Tales of underdogs can be heartwarming. But tea party-backed Ted Yoho, who upset 12-term Rep. Cliff Stearns in a four-way Republican primary in Florida’s new 3rd District, took more of a heart-worming path to Congress: He’s been a veterinarian in north-central Florida for more than 29 years.
Yoho was born in Minneapolis, the fifth of six sons. He moved with his family at age 11 to South Florida, where he lived until graduating from high school. A star offensive tackle, Yoho landed a football scholarship at Florence State University (now the University of North Alabama), but quickly decided to return to Florida. He married his high school sweetheart, Carolyn, whom he has known since 4th grade, and began working toward his goal of becoming a veterinarian. The couple moved to Gainesville, where he finished a bachelor’s degree in animal science at the University of Florida, then graduated from its veterinary college.
Yoho built a successful large-animal veterinarian practice. But by 2009, he had decided to run for Congress. He said in an interview that he first became interested in politics a decade earlier during President Clinton’s impeachment drama. But over time, he grew fed up with politicians he complained either couldn’t or wouldn’t fix “the mess” in Washington many of them helped to create. He sold his veterinary practice and launched his campaign. “One political consultant told us this race would be a good ‘practice run,’ ” he recalled with bemusement.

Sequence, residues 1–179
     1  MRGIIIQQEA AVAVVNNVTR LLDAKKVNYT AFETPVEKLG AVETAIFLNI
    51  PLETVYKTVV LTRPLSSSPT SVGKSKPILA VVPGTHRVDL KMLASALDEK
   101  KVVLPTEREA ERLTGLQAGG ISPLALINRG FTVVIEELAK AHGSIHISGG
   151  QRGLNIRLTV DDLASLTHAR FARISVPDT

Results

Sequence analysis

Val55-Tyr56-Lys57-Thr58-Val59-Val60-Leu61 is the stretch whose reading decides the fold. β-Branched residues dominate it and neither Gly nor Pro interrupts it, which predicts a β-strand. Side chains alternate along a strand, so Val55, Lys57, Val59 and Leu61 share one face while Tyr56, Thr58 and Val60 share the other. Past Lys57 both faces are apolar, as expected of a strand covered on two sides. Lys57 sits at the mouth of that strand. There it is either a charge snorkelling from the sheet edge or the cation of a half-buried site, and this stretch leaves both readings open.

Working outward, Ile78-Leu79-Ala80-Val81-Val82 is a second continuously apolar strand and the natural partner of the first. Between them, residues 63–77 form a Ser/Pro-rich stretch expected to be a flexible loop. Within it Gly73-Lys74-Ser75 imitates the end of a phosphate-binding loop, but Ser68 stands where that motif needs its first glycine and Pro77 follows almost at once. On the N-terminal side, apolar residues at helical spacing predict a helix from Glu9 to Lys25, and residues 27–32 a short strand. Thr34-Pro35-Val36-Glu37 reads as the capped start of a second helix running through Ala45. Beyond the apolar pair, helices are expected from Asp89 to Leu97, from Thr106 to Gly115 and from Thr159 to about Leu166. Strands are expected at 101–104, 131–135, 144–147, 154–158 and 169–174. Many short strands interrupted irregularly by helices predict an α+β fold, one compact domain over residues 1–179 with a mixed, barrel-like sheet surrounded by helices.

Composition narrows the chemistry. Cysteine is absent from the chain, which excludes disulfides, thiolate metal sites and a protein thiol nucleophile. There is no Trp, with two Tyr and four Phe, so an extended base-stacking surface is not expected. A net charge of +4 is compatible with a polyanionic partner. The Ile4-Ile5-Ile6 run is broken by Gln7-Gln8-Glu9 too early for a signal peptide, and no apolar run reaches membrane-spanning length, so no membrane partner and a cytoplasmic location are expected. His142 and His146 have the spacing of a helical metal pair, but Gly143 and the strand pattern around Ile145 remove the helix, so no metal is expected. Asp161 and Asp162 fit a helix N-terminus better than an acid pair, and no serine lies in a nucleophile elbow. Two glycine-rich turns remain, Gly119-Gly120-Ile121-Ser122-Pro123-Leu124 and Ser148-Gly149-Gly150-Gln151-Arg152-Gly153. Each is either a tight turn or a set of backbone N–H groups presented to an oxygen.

Yoho was not nearly as well-known in political circles as two of his opponents in the GOP primary, Stearns and state Sen. Steve Oelrich of Gainesville. Also running in Florida’s newly created 3rd District was Clay County Clerk Jimmy Jett. Stearns, 71, who had a huge cash advantage, had not been considered in jeopardy, but redistricting forced him to run in a newly drawn area that was more conservative. He committed a few errors, including focusing more of his attention on Oelrich.
With just one paid employee—his 24-year-old campaign manager—Yoho stumped aggressively as a Christian (Catholic) and a conservative. He embraced his tea party backing, railed against “career politicians,” and snagged the endorsements of former GOP vice presidential nominee and tea party darling Sarah Palin and key House conservatives Paul Ryan of Wisconsin, Michele Bachmann of Minnesota, and Allen West of Florida. He told voters that he wants to repeal President Obama’s Affordable Care Act, and emphasized his own first-hand perspectives in having run a successful small business and being on the receiving end of regulations and “garbage legislation” from Washington.
But he also promised that his “moral compass” wouldn’t let him be beholden to anyone. He opposes raising taxes, but won’t sign lobbyist and conservative activist Grover Norquist’s no-tax pledge on the grounds that a war or other events may leave few alternatives. He said he will serve no more than eight years in the House.
Yoho flashed a sense of humor during his primary race. His campaign featured an ad showing suited “politicians” feeding from a pig trough, and a video about an upcoming fundraiser with a President George W. Bush impersonator. Using $50,000 of his own money, he edged out Stearns by just 875 votes. Moments after Stearns conceded, Yoho celebrated for cheering supporters by emulating the famous practice of former University of Florida quarterback Tim Tebow of bending on one knee to say a prayer after a big play. In such a heavily Republican district, he had far less trouble in the general election against Democratic businessman J.R. Gaillot.
Billy House contributed to this article.
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